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Riverside 'house of tomorrow' finally wins the day with national park planners



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A computer image of the approved designs for Undershore Road near Lymington
A computer image of the approved designs for Undershore Road near Lymington

A BID to extend and modernise a home by the Lymington River to create a “house for tomorrow” has been passed on its fifth attempt.

Mr and Mrs Teal’s application for Sumaya in Undershore Road includes proposals for an upper terraced area, replacement contemporary green flat roof and full height windows on both floors.

It was previously refused because it exceeded the 30% limit on additional floorspace and was of an inappropriate design.

But at a national park authority planning meeting, members heard the size of the proposed development had been reduced and the design tweaked to include tinted windows.

Previous fears that views to the Burrard Neal Monument 120 metres from the address would be affected had since proved unfounded.

Officers recommended refusal of the plan on the grounds its “extensive glazing, concrete materiality and stark, angular design” would fail to preserve the character of the conservation area or setting of the monument. However, members voted nine in favour, with one abstention.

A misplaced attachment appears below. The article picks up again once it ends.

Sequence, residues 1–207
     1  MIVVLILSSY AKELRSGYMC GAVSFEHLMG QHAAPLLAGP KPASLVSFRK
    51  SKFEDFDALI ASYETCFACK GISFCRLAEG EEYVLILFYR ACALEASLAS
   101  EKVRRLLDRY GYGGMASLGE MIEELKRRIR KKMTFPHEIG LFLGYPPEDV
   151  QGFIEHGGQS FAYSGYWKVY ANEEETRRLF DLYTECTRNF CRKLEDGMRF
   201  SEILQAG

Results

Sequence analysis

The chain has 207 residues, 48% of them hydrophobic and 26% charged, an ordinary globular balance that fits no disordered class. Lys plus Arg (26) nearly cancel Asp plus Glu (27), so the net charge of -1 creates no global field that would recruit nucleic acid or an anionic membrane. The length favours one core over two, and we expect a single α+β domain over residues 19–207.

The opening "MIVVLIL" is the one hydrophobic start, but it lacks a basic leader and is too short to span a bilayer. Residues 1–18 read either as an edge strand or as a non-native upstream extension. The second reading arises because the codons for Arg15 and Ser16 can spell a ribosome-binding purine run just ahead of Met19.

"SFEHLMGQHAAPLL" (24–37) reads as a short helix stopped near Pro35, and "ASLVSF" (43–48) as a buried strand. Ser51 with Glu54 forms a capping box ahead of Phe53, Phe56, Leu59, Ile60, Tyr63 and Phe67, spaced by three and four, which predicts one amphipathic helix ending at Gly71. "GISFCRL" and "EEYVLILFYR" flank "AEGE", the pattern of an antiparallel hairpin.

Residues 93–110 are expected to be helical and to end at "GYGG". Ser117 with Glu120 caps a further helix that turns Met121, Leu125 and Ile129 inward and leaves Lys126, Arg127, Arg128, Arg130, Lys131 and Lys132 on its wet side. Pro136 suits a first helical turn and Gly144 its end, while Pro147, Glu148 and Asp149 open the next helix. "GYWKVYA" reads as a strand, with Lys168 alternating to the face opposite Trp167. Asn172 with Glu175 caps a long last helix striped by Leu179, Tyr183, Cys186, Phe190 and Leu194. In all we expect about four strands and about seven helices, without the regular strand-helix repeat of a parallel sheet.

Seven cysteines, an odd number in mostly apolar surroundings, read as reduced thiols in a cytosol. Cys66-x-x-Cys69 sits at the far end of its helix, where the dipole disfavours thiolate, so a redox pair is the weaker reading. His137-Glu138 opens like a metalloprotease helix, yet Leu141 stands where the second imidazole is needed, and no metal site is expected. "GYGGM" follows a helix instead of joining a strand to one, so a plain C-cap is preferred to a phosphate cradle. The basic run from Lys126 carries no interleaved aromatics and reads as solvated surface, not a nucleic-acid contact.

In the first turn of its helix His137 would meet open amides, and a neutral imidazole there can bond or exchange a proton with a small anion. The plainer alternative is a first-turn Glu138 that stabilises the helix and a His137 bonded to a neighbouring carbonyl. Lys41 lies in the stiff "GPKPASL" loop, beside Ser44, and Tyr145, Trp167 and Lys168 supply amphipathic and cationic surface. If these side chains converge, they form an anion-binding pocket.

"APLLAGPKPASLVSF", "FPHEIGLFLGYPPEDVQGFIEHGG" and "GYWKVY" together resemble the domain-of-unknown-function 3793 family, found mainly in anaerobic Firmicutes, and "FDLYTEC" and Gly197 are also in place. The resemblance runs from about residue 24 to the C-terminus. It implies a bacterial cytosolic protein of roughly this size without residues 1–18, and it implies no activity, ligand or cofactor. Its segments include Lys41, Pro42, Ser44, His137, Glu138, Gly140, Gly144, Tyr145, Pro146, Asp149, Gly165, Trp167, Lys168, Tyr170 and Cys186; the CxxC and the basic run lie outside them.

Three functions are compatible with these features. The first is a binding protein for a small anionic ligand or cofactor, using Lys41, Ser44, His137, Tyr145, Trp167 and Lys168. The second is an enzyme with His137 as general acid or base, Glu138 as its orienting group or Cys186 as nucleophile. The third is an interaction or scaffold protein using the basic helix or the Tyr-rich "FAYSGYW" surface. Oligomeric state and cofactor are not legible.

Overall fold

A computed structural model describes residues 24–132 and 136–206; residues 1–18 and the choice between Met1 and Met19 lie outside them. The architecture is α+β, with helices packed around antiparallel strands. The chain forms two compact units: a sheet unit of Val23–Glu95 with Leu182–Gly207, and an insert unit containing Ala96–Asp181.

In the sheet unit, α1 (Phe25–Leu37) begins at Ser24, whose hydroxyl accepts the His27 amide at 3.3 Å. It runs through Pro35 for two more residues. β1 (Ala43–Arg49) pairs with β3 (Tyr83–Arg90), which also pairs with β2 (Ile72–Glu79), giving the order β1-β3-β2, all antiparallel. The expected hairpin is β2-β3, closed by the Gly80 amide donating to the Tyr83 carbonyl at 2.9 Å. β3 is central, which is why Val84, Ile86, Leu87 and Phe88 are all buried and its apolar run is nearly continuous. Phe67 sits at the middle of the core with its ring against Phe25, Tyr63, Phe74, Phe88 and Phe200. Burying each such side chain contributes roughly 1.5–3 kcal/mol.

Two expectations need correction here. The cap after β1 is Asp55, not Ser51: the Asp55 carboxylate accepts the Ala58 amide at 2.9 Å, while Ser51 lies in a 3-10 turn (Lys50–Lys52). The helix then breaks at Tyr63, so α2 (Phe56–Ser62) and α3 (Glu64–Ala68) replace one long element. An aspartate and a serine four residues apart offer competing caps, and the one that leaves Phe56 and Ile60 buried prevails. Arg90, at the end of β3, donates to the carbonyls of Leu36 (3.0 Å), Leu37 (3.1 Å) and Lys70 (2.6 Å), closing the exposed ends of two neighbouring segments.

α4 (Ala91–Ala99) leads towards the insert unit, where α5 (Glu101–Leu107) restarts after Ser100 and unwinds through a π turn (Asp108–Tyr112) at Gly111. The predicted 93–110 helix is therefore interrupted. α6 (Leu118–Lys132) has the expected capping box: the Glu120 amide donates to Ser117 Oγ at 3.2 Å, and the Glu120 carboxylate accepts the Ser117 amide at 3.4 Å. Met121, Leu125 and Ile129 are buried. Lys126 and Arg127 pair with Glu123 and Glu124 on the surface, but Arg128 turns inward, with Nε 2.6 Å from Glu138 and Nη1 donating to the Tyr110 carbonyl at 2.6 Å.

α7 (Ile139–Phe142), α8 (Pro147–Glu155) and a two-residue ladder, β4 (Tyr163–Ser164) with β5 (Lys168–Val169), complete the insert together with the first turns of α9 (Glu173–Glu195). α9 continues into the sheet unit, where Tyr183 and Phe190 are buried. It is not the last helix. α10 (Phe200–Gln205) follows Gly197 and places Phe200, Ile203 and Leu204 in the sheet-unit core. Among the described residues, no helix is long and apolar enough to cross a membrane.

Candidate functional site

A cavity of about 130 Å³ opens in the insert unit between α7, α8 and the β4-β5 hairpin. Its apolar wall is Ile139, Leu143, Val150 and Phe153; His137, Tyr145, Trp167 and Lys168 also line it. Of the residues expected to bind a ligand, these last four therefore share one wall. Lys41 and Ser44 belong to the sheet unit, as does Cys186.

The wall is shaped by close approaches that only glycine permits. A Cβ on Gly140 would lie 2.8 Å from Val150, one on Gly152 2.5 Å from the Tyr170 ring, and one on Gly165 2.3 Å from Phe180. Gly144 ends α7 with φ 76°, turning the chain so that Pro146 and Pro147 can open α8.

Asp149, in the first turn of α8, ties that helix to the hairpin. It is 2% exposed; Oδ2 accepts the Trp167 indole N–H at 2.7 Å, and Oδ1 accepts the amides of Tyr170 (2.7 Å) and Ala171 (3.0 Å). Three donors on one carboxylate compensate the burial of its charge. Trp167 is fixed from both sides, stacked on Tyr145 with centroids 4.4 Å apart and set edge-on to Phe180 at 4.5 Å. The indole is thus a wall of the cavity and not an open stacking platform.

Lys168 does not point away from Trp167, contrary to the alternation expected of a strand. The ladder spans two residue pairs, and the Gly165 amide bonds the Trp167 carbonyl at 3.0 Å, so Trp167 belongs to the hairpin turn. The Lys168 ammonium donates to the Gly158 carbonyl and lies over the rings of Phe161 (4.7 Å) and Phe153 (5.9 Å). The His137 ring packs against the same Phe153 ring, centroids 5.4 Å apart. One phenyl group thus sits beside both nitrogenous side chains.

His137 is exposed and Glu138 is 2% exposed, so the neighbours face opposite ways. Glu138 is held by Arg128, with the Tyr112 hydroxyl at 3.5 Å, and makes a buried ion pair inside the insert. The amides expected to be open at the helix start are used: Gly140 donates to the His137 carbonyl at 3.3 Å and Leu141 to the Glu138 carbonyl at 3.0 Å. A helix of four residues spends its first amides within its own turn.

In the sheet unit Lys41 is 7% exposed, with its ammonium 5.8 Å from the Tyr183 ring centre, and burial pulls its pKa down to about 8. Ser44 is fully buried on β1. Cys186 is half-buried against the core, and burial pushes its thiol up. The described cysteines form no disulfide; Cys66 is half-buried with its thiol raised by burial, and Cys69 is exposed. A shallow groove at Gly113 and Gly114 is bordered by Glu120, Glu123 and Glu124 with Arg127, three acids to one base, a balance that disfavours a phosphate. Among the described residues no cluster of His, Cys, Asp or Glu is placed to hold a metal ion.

Mrs Teal told the meeting future generations would benefit from environmental measures included in the design.

“My husband and I are both in our 70s and have no time to lose if we are going to live in an efficient and acceptable home,” she said.

“We look over a busy road and the large development of Lymington Shores. Undershore Road has every type of development in it – every house bar one has been extended and developed.

”Our proposal is no threat to the Forest’s intrigue and charm and we’re confident that in 25 years’ time this will be viewed as a classic design of the 2020s.”

She urged members to “take a leap”, saying: “We are asking you to build a house for tomorrow, not for today.”

But proposing refusal, Richard Frampton said: “When this came to us last year there was quite a debate about the floor space area and the need to bring that down – maybe we didn’t give a clear enough picture to the applicant that the design was a bit over the top. Officers have been consistent with their view: it’s still top loaded and it looks different to the existing and out of keeping”.

But, said George Bisson: “Just because it’s modern and different that doesn’t mean to say it doesn’t fit in or improve the landscape.”

Barry Rickman liked the “imaginative design”, saying: “Compared to what is in that area already, with the amount of glass, it’s difficult to say no.”



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